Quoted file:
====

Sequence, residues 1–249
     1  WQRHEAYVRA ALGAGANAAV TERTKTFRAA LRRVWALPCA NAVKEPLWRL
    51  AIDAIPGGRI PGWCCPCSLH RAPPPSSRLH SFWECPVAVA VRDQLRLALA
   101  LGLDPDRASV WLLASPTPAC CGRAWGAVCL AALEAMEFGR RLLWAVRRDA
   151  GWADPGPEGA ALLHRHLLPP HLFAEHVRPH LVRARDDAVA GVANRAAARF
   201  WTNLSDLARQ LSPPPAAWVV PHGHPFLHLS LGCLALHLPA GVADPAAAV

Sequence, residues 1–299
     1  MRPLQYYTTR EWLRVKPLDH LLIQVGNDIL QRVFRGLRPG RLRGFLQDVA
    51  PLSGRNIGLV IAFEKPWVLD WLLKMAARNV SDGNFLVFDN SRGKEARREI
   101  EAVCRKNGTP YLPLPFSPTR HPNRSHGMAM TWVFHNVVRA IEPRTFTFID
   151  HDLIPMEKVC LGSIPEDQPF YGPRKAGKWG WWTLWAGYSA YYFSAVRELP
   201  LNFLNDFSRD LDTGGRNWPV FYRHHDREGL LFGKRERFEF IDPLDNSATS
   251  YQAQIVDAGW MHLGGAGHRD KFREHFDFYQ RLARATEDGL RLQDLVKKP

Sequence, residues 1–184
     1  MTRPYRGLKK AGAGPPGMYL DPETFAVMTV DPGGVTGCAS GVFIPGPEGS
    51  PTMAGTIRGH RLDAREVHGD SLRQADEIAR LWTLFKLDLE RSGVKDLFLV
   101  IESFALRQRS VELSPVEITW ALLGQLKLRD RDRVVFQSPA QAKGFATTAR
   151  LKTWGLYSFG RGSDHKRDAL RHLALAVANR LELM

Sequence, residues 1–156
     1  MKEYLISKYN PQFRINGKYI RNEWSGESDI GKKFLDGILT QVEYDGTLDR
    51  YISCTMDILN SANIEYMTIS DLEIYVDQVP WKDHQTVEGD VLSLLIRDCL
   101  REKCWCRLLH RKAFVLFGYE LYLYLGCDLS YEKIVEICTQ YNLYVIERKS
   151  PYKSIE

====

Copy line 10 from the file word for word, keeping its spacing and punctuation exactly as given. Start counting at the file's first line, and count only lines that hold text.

   101  EAVCRKNGTP YLPLPFSPTR HPNRSHGMAM TWVFHNVVRA IEPRTFTFID